Презентація на тему «American Literature»
The Great Gatsby by F. Scott Fitzgerald (1925)
An American Tragedy by Theodore Dresier (1925)
For whom the bell tolls by Ernest Hemingway (1926)
The Sound and the Fury by William Faulkner (1929)
The Tropic of Cancer by Henry Miller (1934)
Gone with the Wind by Margaret Mitchell (1936)
The Pearl by John Steinbeck (1939)
All the King's Men by Robert Penn Warren (1946)
The Naked and the Dead by Norman Mailer (1948)
The Catcher in the Rye by J.D. Salinger (1951)
Herzog by Saul Bellow (1953)
Fahrenheit 451 by Ray Bradbury (1953)
To Kill a Mockingbird by Harper Lee (1960)
Invitation to a Beheading by Vladimir Nabokov (1958)
Depression era literature was blunt and direct in its social criticism. John Steinbeck (1902–1968). His style was simple and evocative, winning him the favor of the readers but not of the critics. Steinbeck often wrote about poor, working-class people and their struggle to lead a decent and honest life.
Henry Miller assumed a unique place in American Literature in the 1930s when his semi-autobiographical novels, written and published in Paris, were banned from the US. His major work is Tropic of Cancer .
Post–World War II
The period in time from the end of World War II up until the late 1960s and early 1970s saw the publication of some of the most popular works in American history such as To Kill a Mockingbird by Harper Lee.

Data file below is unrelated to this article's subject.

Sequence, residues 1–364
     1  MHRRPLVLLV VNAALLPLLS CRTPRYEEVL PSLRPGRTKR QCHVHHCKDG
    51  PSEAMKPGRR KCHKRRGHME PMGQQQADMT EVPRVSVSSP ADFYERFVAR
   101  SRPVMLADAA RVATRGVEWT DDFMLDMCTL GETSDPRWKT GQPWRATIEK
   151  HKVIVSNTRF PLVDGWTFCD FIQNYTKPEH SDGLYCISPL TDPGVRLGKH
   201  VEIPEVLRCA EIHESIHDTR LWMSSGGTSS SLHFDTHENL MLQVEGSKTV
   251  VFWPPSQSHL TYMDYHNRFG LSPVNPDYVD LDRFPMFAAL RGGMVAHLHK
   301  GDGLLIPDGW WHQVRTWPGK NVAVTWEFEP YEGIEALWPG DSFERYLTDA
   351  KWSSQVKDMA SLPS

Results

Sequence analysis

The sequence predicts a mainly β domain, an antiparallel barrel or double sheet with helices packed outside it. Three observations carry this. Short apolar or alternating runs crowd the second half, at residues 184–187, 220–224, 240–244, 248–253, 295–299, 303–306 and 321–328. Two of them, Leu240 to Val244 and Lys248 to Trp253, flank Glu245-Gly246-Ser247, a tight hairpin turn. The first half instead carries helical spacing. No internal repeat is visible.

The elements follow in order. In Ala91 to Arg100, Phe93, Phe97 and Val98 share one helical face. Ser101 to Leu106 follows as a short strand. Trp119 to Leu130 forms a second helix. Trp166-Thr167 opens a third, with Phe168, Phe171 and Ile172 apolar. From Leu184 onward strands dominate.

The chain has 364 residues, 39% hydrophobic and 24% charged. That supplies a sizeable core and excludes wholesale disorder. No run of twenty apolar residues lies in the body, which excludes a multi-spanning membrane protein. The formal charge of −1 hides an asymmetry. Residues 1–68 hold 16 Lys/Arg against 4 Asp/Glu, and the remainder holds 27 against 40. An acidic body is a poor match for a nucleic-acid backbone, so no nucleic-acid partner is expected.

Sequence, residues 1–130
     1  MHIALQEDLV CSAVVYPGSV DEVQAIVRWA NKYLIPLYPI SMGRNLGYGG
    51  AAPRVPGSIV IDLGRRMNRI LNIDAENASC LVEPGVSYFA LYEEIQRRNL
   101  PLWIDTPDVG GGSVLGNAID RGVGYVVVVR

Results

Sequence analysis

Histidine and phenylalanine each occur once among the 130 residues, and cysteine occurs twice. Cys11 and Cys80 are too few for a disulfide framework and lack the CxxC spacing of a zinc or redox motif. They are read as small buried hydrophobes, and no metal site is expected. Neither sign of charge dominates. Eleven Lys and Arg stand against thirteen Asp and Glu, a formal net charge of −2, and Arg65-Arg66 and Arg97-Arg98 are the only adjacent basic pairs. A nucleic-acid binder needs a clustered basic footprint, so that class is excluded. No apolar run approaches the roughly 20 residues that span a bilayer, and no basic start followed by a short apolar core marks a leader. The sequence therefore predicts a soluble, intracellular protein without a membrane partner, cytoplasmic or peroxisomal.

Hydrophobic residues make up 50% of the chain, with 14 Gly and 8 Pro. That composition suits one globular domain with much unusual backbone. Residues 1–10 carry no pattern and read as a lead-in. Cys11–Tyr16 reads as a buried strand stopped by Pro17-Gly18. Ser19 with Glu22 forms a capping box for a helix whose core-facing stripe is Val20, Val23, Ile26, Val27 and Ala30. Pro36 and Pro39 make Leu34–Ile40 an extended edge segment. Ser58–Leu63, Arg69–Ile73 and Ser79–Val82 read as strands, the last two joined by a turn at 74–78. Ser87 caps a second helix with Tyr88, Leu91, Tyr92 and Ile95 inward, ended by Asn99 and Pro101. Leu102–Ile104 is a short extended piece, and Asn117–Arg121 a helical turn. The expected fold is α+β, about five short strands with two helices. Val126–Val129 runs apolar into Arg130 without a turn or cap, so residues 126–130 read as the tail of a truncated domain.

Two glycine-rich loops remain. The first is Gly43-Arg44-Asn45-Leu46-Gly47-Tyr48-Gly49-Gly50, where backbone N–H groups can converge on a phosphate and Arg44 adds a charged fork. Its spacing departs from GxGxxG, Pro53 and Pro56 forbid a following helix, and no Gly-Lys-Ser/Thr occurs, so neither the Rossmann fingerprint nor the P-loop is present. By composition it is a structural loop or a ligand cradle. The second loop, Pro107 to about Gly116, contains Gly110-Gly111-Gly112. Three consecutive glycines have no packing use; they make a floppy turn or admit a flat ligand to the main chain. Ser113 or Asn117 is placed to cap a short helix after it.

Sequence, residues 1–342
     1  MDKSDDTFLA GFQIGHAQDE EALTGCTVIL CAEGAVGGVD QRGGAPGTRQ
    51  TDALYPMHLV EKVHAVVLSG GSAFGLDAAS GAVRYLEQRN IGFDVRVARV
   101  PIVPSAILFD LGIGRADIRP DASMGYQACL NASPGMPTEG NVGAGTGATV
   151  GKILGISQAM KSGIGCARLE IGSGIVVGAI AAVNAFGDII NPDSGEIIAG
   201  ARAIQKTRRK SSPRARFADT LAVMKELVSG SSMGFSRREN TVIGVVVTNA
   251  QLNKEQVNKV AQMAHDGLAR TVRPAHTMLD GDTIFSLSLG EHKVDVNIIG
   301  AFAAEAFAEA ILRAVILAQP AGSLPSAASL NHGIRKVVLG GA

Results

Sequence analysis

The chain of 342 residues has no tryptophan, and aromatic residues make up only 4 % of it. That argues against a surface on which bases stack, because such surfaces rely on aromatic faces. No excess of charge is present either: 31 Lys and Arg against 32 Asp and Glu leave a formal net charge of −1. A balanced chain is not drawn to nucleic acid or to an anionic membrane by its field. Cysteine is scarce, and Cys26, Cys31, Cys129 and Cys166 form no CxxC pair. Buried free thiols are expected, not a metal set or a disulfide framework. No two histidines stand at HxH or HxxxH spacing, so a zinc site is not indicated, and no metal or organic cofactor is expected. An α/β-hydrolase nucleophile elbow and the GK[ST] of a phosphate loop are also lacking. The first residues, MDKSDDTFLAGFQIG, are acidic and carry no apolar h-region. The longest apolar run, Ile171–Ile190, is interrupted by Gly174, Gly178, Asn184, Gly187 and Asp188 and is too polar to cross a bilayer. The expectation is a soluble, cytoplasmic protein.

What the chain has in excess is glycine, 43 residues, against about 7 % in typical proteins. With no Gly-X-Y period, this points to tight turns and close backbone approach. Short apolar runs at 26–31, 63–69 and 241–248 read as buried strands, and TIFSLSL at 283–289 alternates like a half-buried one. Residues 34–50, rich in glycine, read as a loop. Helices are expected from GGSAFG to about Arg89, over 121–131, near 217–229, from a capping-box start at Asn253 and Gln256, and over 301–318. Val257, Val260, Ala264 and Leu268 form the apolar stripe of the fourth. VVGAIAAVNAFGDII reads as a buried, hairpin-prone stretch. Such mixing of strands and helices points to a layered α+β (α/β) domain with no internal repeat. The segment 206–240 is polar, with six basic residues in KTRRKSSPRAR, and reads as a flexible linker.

Though born in Canada, Chicago-raised Saul Bellow would become one of the most influential novelists in America in the decades directly following World War II. In Herzog Bellow painted vivid portraits of the American city and the distinctive characters.
From J.D. Salinger's The Catcher in the Rye , the perceived madness of the state of affairs in America was brought to the forefront of the nation's literary expression.
Immigrant authors such as Vladimir Nabokov, with Lolita, forged on with the theme and took a concerted step away from their Lost Generation predecessors, developing a style and tone of their own.
Nobel Prize in Literature winners
1930: Sinclair Lewis (novelist)
1936: Eugene O'Neill (playwright)
1938: Pearl S. Buck (biographer and novelist)
1948: T. S. Eliot (poet and playwright)
1949: William Faulkner (novelist)
1954: Ernest Hemingway (novelist)
1962: John Steinbeck (novelist)
1976: Saul Bellow (novelist)
1978: Isaac Bashevis Singer (novelist, wrote in Yiddish)
1980: Czesław Miłosz (poet and essayist, wrote in Polish)
1987: Joseph Brodsky (poet and essayist, wrote in English and Russian)
1993: Toni Morrison (novelist)